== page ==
Art in the time of war. This phrasing subtly expresses the struggles artists face to articulate the crises of war through art and the tensions that come with creating pleasurable art at a time when the world is constantly enmeshed in war. This art project intends to recognize this dilemma while foregrounding the fact that war is everywhere all the time. War is both the physical violent altercations that continue to tear lives and livelihoods down as well as the mental battles that we constantly need to fight before we finally bring ourselves to a place of self-acceptance. War is many things just as art is, hence, art in any of its manifestations is mostly a reiterative expression of war. History repeats itself through wars, be it the war of the mind, the war on our climate, the war with our bodies and their disabilities, or the war among nations. In short, war is an art and art is about wars. The Arts of War project intends to express this artistic philosophy about the pluralistic nature of war through a university-wide art exhibition and Tuscaloosa-based community art outreach. Community members who take the Tuscaloosa trollies were asked the question: “What wars are you fighting?” and found artistic outlets to talk about the wars which they contend. The project encourages storytelling and reminds us that war is not just about battle tanks, nuclear missiles, and bullets going off in far-away countries, but that conflicts reside in the hearts and lives of people we know and love.
The exhibit features work from a broad range of artists, including students, veterans and a prisoner to showcase the different perspectives and experiences of war. Oluwafunmilayo Akinpelu, exhibit director and UA Ph.D. student, worked with each participant to ensure collaborative and diverse displays of artwork. Each piece of art is an interpretation of Machiavellian and Sun Tzu-ian’s concept, war is an art and art is about wars.
“It has shown me that everyone has something to say, and everyone has the story to tell when it comes about war,” said Akinpelu.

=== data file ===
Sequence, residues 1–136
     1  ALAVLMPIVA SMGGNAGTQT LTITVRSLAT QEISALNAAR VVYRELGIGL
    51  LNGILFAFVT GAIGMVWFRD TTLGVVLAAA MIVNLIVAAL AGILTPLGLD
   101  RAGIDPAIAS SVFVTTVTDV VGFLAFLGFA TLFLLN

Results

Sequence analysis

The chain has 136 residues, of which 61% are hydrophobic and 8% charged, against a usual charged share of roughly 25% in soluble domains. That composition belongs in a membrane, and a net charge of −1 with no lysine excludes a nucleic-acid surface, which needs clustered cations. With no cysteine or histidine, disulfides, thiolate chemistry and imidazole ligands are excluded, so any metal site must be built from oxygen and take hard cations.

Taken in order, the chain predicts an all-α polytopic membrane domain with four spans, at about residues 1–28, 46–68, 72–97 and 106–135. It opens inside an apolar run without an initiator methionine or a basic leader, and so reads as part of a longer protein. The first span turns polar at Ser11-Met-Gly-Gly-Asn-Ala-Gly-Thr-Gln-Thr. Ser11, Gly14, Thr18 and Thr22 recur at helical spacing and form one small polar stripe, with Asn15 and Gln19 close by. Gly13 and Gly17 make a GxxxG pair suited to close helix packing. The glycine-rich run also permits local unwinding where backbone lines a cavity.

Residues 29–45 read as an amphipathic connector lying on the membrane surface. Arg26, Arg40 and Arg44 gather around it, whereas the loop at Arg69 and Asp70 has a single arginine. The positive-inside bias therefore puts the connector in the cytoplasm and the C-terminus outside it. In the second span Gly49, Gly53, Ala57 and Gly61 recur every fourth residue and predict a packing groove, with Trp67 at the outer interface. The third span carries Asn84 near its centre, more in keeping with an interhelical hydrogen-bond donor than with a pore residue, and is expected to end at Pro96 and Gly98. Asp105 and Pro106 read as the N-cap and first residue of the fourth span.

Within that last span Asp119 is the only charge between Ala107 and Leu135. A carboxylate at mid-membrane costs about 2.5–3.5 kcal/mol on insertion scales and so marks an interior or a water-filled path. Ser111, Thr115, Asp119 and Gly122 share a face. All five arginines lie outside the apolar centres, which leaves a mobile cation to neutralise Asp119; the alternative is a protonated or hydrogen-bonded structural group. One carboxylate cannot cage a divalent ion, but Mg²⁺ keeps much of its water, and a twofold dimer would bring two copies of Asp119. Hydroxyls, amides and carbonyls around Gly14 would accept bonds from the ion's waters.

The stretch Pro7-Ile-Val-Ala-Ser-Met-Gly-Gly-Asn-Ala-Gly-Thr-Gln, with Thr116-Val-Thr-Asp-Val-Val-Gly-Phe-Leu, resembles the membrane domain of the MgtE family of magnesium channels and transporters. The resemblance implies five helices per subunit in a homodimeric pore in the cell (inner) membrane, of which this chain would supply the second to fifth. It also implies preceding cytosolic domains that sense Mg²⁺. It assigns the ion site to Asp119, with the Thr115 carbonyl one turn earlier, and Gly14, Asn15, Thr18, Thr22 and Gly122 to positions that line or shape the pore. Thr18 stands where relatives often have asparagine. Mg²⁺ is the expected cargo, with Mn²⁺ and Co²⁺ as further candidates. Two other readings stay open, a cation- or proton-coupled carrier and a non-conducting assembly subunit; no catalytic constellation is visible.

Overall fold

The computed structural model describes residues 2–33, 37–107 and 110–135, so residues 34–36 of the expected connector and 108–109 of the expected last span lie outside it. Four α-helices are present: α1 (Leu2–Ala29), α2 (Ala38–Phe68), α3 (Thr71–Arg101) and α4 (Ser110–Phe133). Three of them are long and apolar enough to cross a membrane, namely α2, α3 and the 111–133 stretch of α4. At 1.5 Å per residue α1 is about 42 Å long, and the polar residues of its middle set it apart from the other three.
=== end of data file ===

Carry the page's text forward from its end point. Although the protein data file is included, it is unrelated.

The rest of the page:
Akinpelu created the art exhibit as her own personal response to Russia’s invasion of Ukraine.
Visitors can expect to engage with the exhibit through a personal and introspective journey. Akinpelu hopes that the artwork will serve as a channel for visitors to reflect on their own experiences of war.
“The artworks I hope, will be just a conduit for each visitor to truly and honestly remark on their own experiences of war and the wars that we are fighting,” said Akinpelu. “So, as much as art is an expressive mood, it is also a mood of introspection.”
Arts of War: Heart of War will be held at the Mildred Westervelt Warner Transportation Museum on February 24 – March 28, 2023. The Museum is open Tuesday through Saturday from 10:00 am until 4:30 pm and is closed Sundays, Mondays, and major holidays.
General admission to the transportation museum is always free! We charge a small fee for guided tours. Contact us for more information about guided tours.
The museum is located at the intersection of Queen City Avenue and Jack Warner Parkway, across Queen City from the Tuscaloosa Public Library. The street address is 1901 Jack Warner Parkway, Tuscaloosa, AL 35401.
Check out our Directions page for step-by-step directions and parking and public transit info.